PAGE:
EPA last Friday formally announced its biofuel blending requirements for 2019 under the Renewable Fuel Standard (RFS), otherwise known as Renewable Volume Obligations, or RVOs. Despite a boost in the amounts of biofuels to be used under the RFS, the rule remains a disappointment because of its failure to reallocate the billions of gallons lost to a flurry of “hardship” waivers granted by former EPA Administrator Scott Pruitt.
Let’s first take a look at the numbers. The total renewable fuel volume for 2019 is set at 19.92 billion gallons, about a three-percent increase over the 19.28 billion required for this year. Of that total, 4.92 billion gallons are advanced biofuel, a jump of nearly 15 percent from this year’s 4.29 billion. Of the biofuel volume designated “advanced” (capable of reducing emissions by at least 50 percent compared to their petroleum-based equivalents), 418 million gallons are to come from cellulosic ethanol. Biomass-based diesel for this year remains at 2.1 billion gallons.
The requirement for conventional biofuel, which consists mostly of corn ethanol, will remain at 15 billion gallons. But even though that’s the same level required by the 2007 law reauthorizing the RFS, it’s a number jeopardized by EPA granting an inordinate number of refineries permission to avoid their RFS obligations – the aforementioned waivers – in recent years. Refineries have claimed the blending requirements would impose a financial hardship.
The exponential increase in waivers over the past two years, many to oil firms that are earning record profits, were granted in relative secrecy. When they did come to light, exemptions covering well more than 2 billion gallons of ethanol had been granted, costing the U.S. ethanol industry’s corn growers, ethanol producers and ethanol blenders more than $5 billion in economic losses. The waivers also reduced 2018 biodiesel blending requirements by 300 million gallons – the equivalent of the entire state of Iowa’s biodiesel production.
The abusive use of these waivers represents a massive economic blow to the agricultural sector (and its rural community), which is already deep in a five-year, 52-percent economic downturn. USDA estimates that inflation-adjusted, net cash farm income will ultimately decline this year by $10.9 billion, a 10.5-percent drop from 2017, to $93.4 billion. This represents farm income’s lowest real-dollar level since 2009.
After Pruitt’s exit and Andrew Wheeler’s appointment as acting administrator, EPA is moving forward under new leadership. But the agency has chosen not to remedy the shortcomings wrought by the waivers, instead favoring the interests of the oil industry by refusing to provide for reallocation of the lost gallons to “healthier” refineries.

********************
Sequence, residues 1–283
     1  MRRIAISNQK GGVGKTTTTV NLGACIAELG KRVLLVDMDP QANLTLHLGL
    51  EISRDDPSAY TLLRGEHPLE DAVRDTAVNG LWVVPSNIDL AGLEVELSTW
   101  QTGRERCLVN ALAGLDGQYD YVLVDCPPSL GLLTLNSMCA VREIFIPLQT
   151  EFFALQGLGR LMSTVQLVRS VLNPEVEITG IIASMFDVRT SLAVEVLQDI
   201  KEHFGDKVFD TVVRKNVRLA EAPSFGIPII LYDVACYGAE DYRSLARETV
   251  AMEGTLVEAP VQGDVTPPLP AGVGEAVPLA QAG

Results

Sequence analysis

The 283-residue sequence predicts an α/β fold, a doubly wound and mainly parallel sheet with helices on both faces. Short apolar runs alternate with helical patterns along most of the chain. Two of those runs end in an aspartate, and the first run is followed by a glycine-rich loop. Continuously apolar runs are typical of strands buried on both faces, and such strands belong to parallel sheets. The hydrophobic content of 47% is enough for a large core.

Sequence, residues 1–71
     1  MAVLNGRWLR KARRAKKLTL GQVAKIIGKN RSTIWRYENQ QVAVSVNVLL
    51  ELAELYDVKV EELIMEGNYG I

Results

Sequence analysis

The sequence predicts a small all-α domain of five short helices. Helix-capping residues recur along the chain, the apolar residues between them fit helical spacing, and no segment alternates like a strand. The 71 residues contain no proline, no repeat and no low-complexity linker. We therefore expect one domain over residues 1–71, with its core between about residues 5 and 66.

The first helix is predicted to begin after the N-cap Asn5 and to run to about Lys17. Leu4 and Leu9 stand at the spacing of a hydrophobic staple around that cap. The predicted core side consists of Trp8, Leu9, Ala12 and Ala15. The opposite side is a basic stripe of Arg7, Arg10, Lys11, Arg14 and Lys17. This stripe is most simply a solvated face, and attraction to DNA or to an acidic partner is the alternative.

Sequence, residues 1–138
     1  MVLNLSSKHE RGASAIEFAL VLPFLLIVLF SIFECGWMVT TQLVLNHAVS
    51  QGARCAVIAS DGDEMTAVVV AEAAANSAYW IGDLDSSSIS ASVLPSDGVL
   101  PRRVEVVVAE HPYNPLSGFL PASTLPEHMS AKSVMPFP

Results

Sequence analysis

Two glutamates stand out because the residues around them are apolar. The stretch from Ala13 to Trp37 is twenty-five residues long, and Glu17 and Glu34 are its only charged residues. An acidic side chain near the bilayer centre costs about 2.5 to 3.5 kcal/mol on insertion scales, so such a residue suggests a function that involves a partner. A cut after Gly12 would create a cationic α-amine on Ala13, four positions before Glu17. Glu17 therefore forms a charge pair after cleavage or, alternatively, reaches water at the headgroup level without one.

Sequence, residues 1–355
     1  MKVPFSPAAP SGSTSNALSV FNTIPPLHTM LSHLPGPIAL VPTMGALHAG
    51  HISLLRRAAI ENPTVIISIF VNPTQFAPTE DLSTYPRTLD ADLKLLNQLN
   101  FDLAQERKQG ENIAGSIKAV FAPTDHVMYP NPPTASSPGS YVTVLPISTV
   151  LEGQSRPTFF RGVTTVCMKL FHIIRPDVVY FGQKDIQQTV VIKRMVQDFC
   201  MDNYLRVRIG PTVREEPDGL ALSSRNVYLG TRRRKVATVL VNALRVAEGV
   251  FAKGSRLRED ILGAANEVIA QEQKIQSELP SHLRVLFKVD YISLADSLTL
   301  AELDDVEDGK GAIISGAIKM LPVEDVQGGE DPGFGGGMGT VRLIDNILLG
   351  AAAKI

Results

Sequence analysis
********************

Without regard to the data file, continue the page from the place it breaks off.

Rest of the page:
The agency says it has received no small refinery exemption petitions for 2019 and is thereby estimating zero gallons of exempted fuel in its RVO formula for next year. EPA has estimated zero gallons exempted every year since 2015, and yet the agency later retroactively issued nearly 50 exemptions from 2016 and 2017 RFS requirements, compared to a handful over all of the years of the Obama administration.
The University of Missouri’s Food and Agriculture Policy Research Institute’s recently published an update to its March 2018 U.S. baseline outlook for agricultural and biofuel markets. If the agency continues to grant waivers at its current rate, this update shows a potential loss for the ethanol industry of about 4.6 billion gallons of domestic demand and almost $20 billion in sales revenue in the next six years.
By failing to include waivers in the formula for determining annual volumes as required under the RFS to bring those volumes up to required levels, EPA is cutting demand for ethanol and biodiesel. The RFS program was established by a bipartisan vote of Congress 11 years ago. However, the agency is working against the goals of the program to the detriment of motorists, the nation’s environmental goals, and agricultural producers.
Even a waiver process made more transparent earlier this year seems to have placed little restraint on EPA’s generosity to those with little need for it. It was disclosed late last month that the agency granted a waiver of 2017 RFS requirements for a Chevron refinery in Utah. The relief was granted despite the fact that Chevron posted net profits of nearly $10 billion in 2017, hardly a circumstance meriting the “disproportionate economic hardship” threshold needed to help justify a small refinery exemption.
Ethanol advocates, who have challenged the waivers in federal court, also charge that the waivers fail to comply with a 2017 federal appeals court ruling addressing the criteria for reducing RFS blending requirements below the levels set by the original enacting legislation more than a decade ago.
The legal questions aside, it is a matter of fairness that the Trump administration reinforce its promises to rural America and give the agriculture sector a fighting chance to regain its economic vitality. EPA’s RFS waivers display a seeming indifference to the economic struggles of rural America and must end.